For many years, Premarin was the estrogen replacement of choice. This is a synthetic estrogen made from the urine of pregnant mares, which, according to the Harvard Women’s Health Watch,  “contains a mix of estrogens (some unique to horses), steroids, and various other substances.”

Bioidentical hormones, on the other hand, are defined by the Endocrine Society as “compounds that have exactly the same chemical and molecular structure as hormones that are produced in the human body.” Bioidentical hormones are usually extracted from plant sources.

Moderation in all things.Pharmaceutical companies manufacture many brands of bioidentical estrogens, such as Vivelle, Elestrin, Divigel, Evamist and one brand of bioidentical progesterone (Prometrium). These are FDA-approved bioidentical hormones. About 95 percent of my patients are on these FDA-approved bioidentical hormones. All hormones, whether they are synthetic or bioidentical, are labeled with the black-box warnings mandated since the massive Women’s Health Initiative study linked slightly higher rates of breast cancer, blood clots, and heart disease to hormone replacement therapy.

So far, so good.

Confusion enters in when bioidentical hormones are custom-compounded by pharmacies. Sometimes there are good reasons for a doctor to prescribe a custom-compounded hormone, if a patient is allergic to some agent in the FDA-approved hormones, for example, or if her dosage can be lower than those produced by pharmaceutical companies.

But hormones made by custom compounders aren’t subject to FDA oversight, nor must they adhere to FDA-approved processes. These custom hormones don’t come with black-box warnings because they don’t fall under the FDA umbrella.

In actual practice, there may not be that much difference between custom hormones and FDA-approved hormones. According to the Harvard Women’s Health Watch, in a 2001 random test of 37 hormone products from 12 compounding pharmacies, almost one-quarter (24 percent) were less potent than prescribed, while 2 percent of FDA-approved products were less potent.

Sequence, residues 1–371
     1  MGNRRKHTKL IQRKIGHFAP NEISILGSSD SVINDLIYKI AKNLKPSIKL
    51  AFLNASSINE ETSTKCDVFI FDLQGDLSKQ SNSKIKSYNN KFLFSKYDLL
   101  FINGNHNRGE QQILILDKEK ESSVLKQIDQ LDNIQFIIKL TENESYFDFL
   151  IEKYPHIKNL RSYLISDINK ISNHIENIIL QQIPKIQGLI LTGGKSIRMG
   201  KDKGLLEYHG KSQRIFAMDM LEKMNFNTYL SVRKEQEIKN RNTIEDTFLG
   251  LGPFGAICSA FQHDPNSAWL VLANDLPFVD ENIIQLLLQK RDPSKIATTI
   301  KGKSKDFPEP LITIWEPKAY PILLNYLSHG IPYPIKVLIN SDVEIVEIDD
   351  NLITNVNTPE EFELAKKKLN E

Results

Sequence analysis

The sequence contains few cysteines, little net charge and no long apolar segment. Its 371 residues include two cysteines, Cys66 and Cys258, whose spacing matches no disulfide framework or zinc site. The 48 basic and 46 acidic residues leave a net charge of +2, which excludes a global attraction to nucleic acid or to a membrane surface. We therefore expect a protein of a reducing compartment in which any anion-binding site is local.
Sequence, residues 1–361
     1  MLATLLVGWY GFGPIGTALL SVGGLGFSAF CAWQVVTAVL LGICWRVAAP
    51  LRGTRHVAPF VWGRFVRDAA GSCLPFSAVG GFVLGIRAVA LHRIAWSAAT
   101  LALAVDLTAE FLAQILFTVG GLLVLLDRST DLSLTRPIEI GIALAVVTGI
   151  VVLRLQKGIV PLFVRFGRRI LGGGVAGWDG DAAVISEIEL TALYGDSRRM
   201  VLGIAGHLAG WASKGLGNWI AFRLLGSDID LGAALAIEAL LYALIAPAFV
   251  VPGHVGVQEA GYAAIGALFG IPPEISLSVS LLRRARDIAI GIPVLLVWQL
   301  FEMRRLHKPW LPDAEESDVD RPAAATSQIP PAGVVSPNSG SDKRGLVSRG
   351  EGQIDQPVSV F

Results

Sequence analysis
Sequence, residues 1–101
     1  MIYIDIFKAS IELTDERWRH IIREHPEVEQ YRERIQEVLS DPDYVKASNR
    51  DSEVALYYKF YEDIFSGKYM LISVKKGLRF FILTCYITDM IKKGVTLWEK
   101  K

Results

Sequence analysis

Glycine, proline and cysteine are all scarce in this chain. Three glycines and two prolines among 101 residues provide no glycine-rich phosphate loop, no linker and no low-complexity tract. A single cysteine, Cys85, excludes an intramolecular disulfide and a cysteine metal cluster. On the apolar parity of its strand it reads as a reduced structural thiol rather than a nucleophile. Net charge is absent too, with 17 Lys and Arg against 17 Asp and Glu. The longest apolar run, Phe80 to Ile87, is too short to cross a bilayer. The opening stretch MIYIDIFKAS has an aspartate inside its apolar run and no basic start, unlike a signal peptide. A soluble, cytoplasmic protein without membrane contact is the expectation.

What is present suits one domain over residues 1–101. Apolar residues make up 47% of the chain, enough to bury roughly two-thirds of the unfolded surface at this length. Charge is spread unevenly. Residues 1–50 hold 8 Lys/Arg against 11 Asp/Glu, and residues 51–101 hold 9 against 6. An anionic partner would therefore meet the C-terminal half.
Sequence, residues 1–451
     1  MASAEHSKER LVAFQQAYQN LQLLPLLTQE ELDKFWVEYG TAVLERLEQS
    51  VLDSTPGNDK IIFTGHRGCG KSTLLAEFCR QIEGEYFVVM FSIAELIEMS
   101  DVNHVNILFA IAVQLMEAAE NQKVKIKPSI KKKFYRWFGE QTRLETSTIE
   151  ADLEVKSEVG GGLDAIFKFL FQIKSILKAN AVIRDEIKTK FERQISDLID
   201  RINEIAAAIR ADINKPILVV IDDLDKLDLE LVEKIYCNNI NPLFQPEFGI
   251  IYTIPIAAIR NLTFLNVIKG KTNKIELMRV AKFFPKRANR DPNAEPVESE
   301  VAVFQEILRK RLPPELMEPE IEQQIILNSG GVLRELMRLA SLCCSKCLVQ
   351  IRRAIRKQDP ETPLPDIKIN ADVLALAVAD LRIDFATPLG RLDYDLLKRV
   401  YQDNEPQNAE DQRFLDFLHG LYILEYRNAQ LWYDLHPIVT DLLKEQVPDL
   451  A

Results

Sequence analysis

The other problem with custom compounds is cost. Health insurance usually doesn’t cover them, so the regimen gets expensive very quickly.

While custom compounds may be a helpful option for some women, the controversy surrounds the claims about them made by celebrities like Suzanne Somers and even by some clinicians.

In the introduction to her book, Somers writes, “This new approach to health [bioidentical hormone replacement therapy] gives you back your lean body, shining hair, and thick skin, provided you are eating correctly and exercising in moderation. This new medicine allows your brain to work perfectly and offers the greatest defense against cancer, heart attack, and Alzheimer’s disease. Don’t you want that?”

Well, who wouldn’t? But like most claims that sounds too good to be true, so is this one.

The truth is that bioidentical compounds, no matter how “natural and safe” they may sound, are still drugs. There’s no scientific evidence that their effect is any different than synthetic hormones. Also, because hormonal levels vary from day to day, even from hour to hour, attempting to customize hormonal treatments is tricky business. “There’s no stable ‘normal’ value at all for salivary or blood levels of these hormones or levels that correlate with symptoms,” says the Harvard Women’s Health Watch.

The current medical advice is to take the lowest possible dosage of any hormone—synthetic or bioidentical—for the shortest period of time to alleviate menopausal symptoms. There is, unfortunately, no way to turn back the clock—"natural" or otherwise. In the meantime, the hormones that work for a woman can significantly improve her quality of life.

E Is for Estrogen

Estrogen is the queen of hormones. From our brains to our bones to our bottoms, estrogen keeps our systems regulated, lubricated, elastic, and running smoothly. Estrogen doesn’t just trigger sexual development in our breasts, uterus, vagina, and ovaries (although it does that, too), but it also regulates the production of cholesterol in our liver; it affects mood and body temperature from the brain; it protects again loss of bone density; and it keeps our sexual organs responsive and functional.

Estrogen is actually a category—a group composed of three chemically similar hormones. Estrone and estradiol are mostly produced in the ovaries, adrenal glands, and fatty tissue of all female mammals. Estriol is produced by the placenta during pregnancy. These estrogens circulate in the bloodstream and bind to receptors located throughout our bodies.

Not surprisingly, most of those estrogen receptors are located in the vulva, vagina, urethra, and the neck of the bladder, and that's  why we talk about estrogen so much in this blog and at MiddlesexMD. It’s the critical hormone that keeps our sexual apparatus healthy and functional.

Before menopause, a healthy vagina has

  • thick, moist “skin,” or epithelium
  • tissues with many folds (rugations) that allow the vagina to expand and become roomier
  • differentiated layers of cells—superficial and intermediate
  • secretions from the vaginal walls and cervix that help maintain a slightly acidic pH balance
  • an increase in blood flow and lubricating secretions during sexual arousal
  • toned pelvic floor muscles that help to hold our internal organs in place